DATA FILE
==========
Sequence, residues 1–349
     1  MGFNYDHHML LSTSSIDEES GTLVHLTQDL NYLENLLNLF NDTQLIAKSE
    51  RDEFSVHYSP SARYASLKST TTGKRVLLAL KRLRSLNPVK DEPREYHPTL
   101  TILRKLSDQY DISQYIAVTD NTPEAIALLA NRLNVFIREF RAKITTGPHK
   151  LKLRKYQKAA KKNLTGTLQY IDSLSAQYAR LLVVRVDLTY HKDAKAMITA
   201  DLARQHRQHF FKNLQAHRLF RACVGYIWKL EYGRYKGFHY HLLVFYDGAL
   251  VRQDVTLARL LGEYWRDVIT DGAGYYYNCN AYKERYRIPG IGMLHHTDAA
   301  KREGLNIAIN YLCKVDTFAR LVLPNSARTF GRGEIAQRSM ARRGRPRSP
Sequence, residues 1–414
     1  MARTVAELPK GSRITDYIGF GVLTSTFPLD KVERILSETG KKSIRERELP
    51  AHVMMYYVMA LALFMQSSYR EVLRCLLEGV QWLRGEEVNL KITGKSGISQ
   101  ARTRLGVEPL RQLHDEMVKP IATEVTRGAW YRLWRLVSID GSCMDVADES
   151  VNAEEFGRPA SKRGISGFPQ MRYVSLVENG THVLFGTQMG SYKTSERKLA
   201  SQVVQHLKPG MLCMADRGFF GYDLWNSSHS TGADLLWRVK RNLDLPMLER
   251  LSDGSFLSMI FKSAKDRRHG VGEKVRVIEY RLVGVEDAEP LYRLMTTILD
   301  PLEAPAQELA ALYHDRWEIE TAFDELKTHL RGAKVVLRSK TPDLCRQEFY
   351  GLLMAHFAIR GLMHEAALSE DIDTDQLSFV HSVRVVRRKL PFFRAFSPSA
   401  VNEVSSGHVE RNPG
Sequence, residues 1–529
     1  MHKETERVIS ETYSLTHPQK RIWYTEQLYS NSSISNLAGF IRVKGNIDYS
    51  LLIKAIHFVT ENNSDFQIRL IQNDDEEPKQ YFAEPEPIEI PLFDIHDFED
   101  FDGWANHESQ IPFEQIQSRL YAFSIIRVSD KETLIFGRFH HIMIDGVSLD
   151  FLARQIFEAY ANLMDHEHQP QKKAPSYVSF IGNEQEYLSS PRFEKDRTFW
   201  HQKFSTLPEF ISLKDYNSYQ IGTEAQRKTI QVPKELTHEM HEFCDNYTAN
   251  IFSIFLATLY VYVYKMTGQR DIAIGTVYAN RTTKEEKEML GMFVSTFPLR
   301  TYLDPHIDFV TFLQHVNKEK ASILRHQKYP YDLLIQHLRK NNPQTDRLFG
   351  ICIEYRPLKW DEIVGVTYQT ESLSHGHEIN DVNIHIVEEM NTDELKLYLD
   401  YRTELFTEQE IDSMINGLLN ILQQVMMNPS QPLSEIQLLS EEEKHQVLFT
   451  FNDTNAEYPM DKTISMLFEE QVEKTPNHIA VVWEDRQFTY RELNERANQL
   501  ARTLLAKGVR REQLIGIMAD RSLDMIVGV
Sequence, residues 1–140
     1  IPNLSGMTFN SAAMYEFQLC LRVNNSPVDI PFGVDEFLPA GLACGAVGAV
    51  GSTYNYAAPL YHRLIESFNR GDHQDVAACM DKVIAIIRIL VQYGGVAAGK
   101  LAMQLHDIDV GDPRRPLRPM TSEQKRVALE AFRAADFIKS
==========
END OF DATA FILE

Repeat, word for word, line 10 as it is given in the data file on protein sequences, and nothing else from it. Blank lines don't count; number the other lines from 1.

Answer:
     1  MARTVAELPK GSRITDYIGF GVLTSTFPLD KVERILSETG KKSIRERELP